Land Policy Studies

Project details


West Bank Gaza (Palestine)


Ministry of Planning, Palestine

Project Timeframe

January - September 2007

Key Services

Governance, Policy & Institutional Strengthening

Land Administration

Assess the feasibility of introducing reforms in land administration

Project Narrative

The objective of this project is to assess the feasibility of introducing reforms in land administration within an emerging government structure by enabling the formulation of policy, legal and institutional changes to achieve efficient procedures for the issuance of land titles and registration of property transactions, and transparent processes for the management and disposal of public land. This component supports consensus building through consultations and public hearings for the formulation of a national framework for land policy. Priority areas under study include; land register accuracy and factors limiting registry utilisation, land markets, land disputes, public land management, property valuation, fees and finance, education, and the legal and institutional framework for land administration.

Key services provided

Design and delivery of policy studies, including identifying stakeholders, consulting with stakeholders, selecting study areas, developing and conducting questionnaires and surveys, and presenting these findings at workshops for each of the policy studies. In consultation with stakeholders, develop a National Land Policy Framework document. As project manager, LEI was also responsible for providing effective management of the policy studies component including; ensuring outputs are delivered on time and within budget, ensuring project reporting requirements are met, ensuring quality assurance is maintained, managing team inputs and relations with the Client.

LEI helped the MOP (Ministry of Planning) to introduce reforms in land administration and management by building consensus on land issues and formulating a national land policy framework (NLPF) accompanied by an action-plan for implementation. We were responsible for helping the MOP to consolidate the regulatory framework governing land administration and enact a new land law.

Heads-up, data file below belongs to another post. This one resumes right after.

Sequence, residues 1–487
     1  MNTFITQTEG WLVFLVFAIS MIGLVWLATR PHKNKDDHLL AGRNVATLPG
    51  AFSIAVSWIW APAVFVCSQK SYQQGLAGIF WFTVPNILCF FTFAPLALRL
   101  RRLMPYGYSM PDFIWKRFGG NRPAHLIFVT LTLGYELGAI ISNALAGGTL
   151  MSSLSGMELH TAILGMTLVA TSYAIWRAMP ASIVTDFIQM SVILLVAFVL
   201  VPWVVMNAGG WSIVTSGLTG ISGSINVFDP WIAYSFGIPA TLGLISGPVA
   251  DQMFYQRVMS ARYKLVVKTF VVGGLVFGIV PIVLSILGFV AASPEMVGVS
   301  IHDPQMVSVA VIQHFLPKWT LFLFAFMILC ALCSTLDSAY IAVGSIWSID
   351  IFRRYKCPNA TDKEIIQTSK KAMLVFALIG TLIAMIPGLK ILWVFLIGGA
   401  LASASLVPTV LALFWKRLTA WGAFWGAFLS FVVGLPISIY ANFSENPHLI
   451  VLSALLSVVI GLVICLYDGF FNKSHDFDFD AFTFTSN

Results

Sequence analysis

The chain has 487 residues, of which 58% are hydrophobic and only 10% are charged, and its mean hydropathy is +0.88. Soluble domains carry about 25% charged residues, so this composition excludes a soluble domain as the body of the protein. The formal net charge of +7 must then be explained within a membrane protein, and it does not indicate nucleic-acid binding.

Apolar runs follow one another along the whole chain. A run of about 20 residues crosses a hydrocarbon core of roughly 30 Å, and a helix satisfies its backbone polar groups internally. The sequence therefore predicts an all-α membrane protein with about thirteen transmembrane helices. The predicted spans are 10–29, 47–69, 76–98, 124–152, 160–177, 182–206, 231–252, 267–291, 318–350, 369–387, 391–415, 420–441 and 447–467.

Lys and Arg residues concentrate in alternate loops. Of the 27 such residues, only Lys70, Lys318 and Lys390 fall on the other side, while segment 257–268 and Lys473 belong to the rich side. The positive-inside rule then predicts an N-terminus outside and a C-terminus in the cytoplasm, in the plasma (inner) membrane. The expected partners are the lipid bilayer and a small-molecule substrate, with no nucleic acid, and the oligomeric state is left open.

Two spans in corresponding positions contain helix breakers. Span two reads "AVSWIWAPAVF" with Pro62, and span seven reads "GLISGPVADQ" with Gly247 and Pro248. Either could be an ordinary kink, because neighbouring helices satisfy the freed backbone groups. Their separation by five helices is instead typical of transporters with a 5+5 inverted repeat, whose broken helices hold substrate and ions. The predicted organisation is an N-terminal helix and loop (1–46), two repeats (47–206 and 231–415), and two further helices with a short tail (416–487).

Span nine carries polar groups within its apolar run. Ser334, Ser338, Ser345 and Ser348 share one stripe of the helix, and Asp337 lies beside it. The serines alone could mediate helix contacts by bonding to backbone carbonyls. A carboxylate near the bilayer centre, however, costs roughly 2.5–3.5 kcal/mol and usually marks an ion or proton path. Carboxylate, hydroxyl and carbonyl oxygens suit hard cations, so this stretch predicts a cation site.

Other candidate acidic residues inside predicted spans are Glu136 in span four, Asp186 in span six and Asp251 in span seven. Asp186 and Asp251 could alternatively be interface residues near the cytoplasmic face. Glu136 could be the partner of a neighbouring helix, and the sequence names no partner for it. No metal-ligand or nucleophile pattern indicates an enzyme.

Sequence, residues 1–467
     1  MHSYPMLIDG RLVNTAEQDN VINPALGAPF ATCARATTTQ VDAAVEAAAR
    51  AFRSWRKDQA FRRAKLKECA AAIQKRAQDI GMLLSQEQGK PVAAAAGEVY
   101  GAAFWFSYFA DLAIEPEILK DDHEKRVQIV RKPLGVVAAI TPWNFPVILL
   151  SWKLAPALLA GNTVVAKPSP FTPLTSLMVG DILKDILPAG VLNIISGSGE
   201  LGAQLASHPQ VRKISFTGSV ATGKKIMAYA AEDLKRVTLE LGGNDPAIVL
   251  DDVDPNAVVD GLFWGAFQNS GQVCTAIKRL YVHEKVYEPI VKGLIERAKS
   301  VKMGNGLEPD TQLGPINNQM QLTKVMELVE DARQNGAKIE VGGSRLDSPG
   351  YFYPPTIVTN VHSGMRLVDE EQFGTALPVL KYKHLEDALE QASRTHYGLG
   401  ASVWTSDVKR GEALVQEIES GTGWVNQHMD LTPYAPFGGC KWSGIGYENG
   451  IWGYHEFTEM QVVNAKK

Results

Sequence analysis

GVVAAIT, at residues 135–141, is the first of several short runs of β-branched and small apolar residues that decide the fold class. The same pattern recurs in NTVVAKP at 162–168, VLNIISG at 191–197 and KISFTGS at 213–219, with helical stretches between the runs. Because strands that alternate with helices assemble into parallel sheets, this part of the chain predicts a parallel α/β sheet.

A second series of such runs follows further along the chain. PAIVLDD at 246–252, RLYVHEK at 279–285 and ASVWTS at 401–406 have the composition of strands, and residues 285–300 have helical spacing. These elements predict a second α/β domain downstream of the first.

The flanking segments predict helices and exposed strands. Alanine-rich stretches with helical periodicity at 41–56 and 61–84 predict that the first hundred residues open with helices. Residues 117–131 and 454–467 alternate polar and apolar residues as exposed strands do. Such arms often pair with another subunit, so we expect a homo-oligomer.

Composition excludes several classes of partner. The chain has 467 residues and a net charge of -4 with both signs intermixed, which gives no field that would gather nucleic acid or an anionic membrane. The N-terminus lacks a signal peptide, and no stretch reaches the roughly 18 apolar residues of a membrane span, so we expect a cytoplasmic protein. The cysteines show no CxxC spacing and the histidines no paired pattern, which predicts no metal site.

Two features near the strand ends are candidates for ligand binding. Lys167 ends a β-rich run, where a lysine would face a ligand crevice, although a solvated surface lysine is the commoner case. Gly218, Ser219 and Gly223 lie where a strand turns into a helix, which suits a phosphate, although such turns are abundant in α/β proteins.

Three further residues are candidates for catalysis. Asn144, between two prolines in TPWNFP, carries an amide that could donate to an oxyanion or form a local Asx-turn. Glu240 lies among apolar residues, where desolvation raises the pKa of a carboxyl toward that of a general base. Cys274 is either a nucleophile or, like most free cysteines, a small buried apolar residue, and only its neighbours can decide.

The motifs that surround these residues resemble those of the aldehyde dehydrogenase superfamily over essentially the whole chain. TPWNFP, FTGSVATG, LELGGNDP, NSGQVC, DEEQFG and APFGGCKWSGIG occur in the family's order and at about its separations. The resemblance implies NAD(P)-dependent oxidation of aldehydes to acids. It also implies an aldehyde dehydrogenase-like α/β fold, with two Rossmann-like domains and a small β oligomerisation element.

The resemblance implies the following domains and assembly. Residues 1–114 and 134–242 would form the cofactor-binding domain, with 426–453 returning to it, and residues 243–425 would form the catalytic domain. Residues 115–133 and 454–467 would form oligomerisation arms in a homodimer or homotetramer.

A total of nine policy studies were conducted on Land Law; Institutional Strengthening; Land Registration; Land Disputes; Public and Municipal Land Management; Valuation; Fees and Finance; Educational Strengthening; and Land Markets.

The key findings and recommendations of each of the policy studies were presented to one or more key stakeholder workshops. They were then incorporated into a NLPF. The NLPF sets out the policy context for reform, major land issues to be addressed, and a policy framework including long term vision, objectives, principles, and a strategic approach. Supporting the development of the framework, a number of key policy statements and the enabling legislative and institutional environment were developed.

The land policy framework was developed based on the following principles of good governance:

  • Equity – land policies were developed to support equitable solutions for all Palestinians; an equitable system deals fairly and impartially with individuals and groups providing non-discriminatory access to records and services
  • Efficiency – LEI worked with the MOP to develop capacity to formulate policy and implement it efficiently by delivering services of a high quality and predictably in accordance with published laws, rules and regulations
  • Accountability – LEI worked with MOP to develop legislation and regulations which; discourage rent seeking; support diligent and objective service by public officials; ensure transparent budgeting; provide for the delivery of services that citizens want and need; and balance economic, social and environmental needs of present and future generations.

The land policy studies were undertaken with a strong focus on stakeholder consultation and participation. Over 10 workshops were held with at least one workshop following the preparation of each ploicy study to discuss key findings and recommendations. These workshops were typically video-conferences to ensure active involvement of stakeholders in both West Bank and Gaza.

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